Report reveals price-gouging by 10 biggest drug companies

Report reveals price-gouging by 10 biggest drug companies


Between 2011 and 2015, the nation’s 10 largest drugmakers carved a new profit center for themselves. A report from Americans for Tax Fairness calls it price-gouging and coughs up evidence that Big Pharma—as the Big Ten are sometimes called—raised prices for their most prescribed medicines over the five-year period by 40% and more—in some cases as much as 71%—a rate that exceeded the national inflation rate by 14 times. One reason for the cash harvest: Drug companies dictate prices paid by Medicare while government is prohibited from negotiating a better deal for taxpayers. Fueled by price hikes, the big drug companies celebrated a 42% jump in profits, from $58.8 billion in 2011 to $83.4 billion in 2016; and, they deferred paying an estimated $133 billion in federal taxes on $500 billion that they parked in foreign tax havens, the ATF report said.

FCC’s Rosenworcel: Russians meddle with net neutrality
In a highly critical statement about the Federal Communications Commission’s refusal to cooperate with a New York law enforcement investigation, Commissioner Jessica Rosenworcel claimed that “nearly half a million” public comments submitted in the FCC’s net neutrality rulemaking came into the agency’s electronic comment site from Russia. The proposed rule, supported by internet service providers, would allow ISPs to charge higher fees for faster connection speed, sometimes by lowering the speeds now provided to subscribers. New York Attorney General Eric Schneiderman sought the FCC’s help to investigate the theft of identities of a million consumers who submitted comments. (Rosenworcel was nominated to the FCC in 2011 by President Barack Obama, and nominated for a second FCC term in 2016 by President Donald Trump.)

Trade agency slaps duty on Canadian softwood
Imports of softwood lumber from Canada, a long-running contentious dispute between the U.S. and its neighbor, will be subject to antidumping and countervailing duties, the U.S. International Trade Commission said after determining the Canadian commodity was being sold at less-than-fair-value prices in the U.S. Such duties are usually collected retroactively but, citing unspecified “critical circumstances,” the softwood penalty to be set by the Department of Commerce will be applied prospectively. The action arose from a trade complaint submitted to the USITC by the Committee Overseeing Action for Lumber International Trade Investigations or Negotiations (COALITION), an ad hoc group of 13 U.S. lumber companies and associations.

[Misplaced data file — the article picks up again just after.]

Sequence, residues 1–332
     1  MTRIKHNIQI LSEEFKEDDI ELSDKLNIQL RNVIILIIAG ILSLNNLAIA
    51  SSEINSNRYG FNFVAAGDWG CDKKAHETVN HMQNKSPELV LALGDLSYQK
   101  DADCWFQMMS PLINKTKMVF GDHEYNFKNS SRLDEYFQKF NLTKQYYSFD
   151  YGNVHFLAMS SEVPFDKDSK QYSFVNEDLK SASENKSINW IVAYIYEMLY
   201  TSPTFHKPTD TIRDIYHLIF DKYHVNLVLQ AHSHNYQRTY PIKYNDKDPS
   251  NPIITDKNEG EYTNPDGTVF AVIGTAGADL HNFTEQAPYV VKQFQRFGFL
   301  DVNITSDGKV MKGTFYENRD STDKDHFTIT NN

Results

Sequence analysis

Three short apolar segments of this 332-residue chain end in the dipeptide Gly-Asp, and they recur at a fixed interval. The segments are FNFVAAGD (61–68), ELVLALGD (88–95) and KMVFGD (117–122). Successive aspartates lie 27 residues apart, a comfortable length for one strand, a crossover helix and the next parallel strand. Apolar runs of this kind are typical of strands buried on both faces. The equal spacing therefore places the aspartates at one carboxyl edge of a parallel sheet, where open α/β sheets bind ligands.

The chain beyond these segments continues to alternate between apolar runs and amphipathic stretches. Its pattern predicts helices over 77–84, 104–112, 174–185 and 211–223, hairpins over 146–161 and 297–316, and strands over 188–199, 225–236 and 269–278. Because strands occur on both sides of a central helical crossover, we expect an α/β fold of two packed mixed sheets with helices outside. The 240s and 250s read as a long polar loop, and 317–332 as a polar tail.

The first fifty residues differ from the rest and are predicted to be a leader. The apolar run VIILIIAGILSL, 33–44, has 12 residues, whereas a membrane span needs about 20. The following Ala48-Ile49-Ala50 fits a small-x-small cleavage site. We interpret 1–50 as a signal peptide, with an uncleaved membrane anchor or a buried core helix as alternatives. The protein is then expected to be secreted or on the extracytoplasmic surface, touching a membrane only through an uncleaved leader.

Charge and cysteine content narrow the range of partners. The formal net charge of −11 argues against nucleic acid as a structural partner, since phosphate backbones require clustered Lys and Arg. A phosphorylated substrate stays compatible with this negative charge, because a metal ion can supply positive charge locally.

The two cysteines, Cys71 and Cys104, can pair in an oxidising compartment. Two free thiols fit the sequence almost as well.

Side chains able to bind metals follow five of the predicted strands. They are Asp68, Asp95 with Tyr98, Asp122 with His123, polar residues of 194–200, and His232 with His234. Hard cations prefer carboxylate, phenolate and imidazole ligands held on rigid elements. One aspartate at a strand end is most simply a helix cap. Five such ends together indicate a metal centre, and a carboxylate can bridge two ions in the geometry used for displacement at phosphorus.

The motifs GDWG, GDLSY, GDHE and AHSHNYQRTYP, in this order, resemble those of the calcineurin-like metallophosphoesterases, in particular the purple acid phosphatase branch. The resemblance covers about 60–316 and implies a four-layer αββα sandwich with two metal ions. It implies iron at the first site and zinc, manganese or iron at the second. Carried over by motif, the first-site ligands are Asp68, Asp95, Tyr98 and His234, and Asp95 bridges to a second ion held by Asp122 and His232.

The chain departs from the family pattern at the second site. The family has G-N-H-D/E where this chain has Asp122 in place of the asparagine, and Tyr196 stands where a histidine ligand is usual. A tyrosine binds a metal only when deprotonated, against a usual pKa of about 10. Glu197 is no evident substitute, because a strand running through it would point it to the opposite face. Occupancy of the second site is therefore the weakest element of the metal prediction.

Delaware court smashes bureaucrats’ gun rule
A gun regulation imposed by two Delaware state agencies to ban firearms in the state’s parks and forests was strongly repudiated by the Delaware Supreme Court. Watched by such groups as the National Rifle Association and the Law Center to Prevent Gun Violence, the court easily concluded that unelected bureaucrats lack authority to promulgate a regulation, particularly one that contravenes the state’s own constitution’s “right to keep and bear arms for the defense of self, family, home and State, and for hunting and recreational use.”

Undocumented immigrants rescued in frigid temps
Rare freezing temperatures and snowfall left undocumented immigrants cold and stranded across Southern Texas, leaving some requiring blankets and help from Border Patrol agents to survive their plight, U.S. Customs and Border Protection said. Agents from the Eagle Pass Station near Del Rio, Texas. rescued 14 illegal immigrants but arrived too late to save the life of a 15th member of their party who froze to death. At the same time, agents from the Laredo Sector Horse Patrol Unit battled frigid weather to save 20 undocumented immigrants who became lost and disoriented by the cold weather.

FBI probe tightens on U.S. congressman
A political consultant who helped facilitate a fund transfer from 10-term Philadelphia Democratic Rep. Bob Brady’s re-election campaign to Jimmie Moore, a former local judge who agreed to withdraw from the primary election in return for $90,000 to cover his bills, pleaded guilty to making a false statement to the FBI. Donald Jones, 62, of Willingboro, N.J., admitted that he lied to conceal his role in making an illegal contribution to Moore’s campaign, the Department of Justice said.

Ex-cop convicted for breaking Walmart shopper’s leg
Trevor King, of Stockbridge, Ga., a former Atlanta Police Department sergeant, was convicted of using unreasonable force that resulted in breaking two bones in the leg of a Walmart shopper. King, the Department of Justice said, used a police-issue baton to beat the shopper’s leg because King erroneously believed the man had stolen a tomato. King was also convicted of writing a false report about the incident in order to conceal his wrongdoing.

November job report: America is on a roll
The Bureau of Labor Statistics said 228,000 jobs were created in November, but the national unemployment rate held steady at 4.1% and the number of unemployed persons remained unchanged at 6.6 million. Among major worker groups, the jobless rate for teenagers increased to 15.9% while it remained unchanged for adult men (3.7%), adult women (3.7%), whites (3.6%), blacks (7.3%), Asians (3.0%) and Hispanics (4.7%), the BLS said.

Rip ‘n Read is a daily compilation of press releases found on hundreds of websites that are maintained by the federal government, think tanks, watchdog groups and national advocacy organizations. Press releases selected for this feature are, in the opinion of the editor, exceptionally newsworthy, interesting or just plain curious.

The press releases and documents linked to this report were posted on their websites on Friday, December 8

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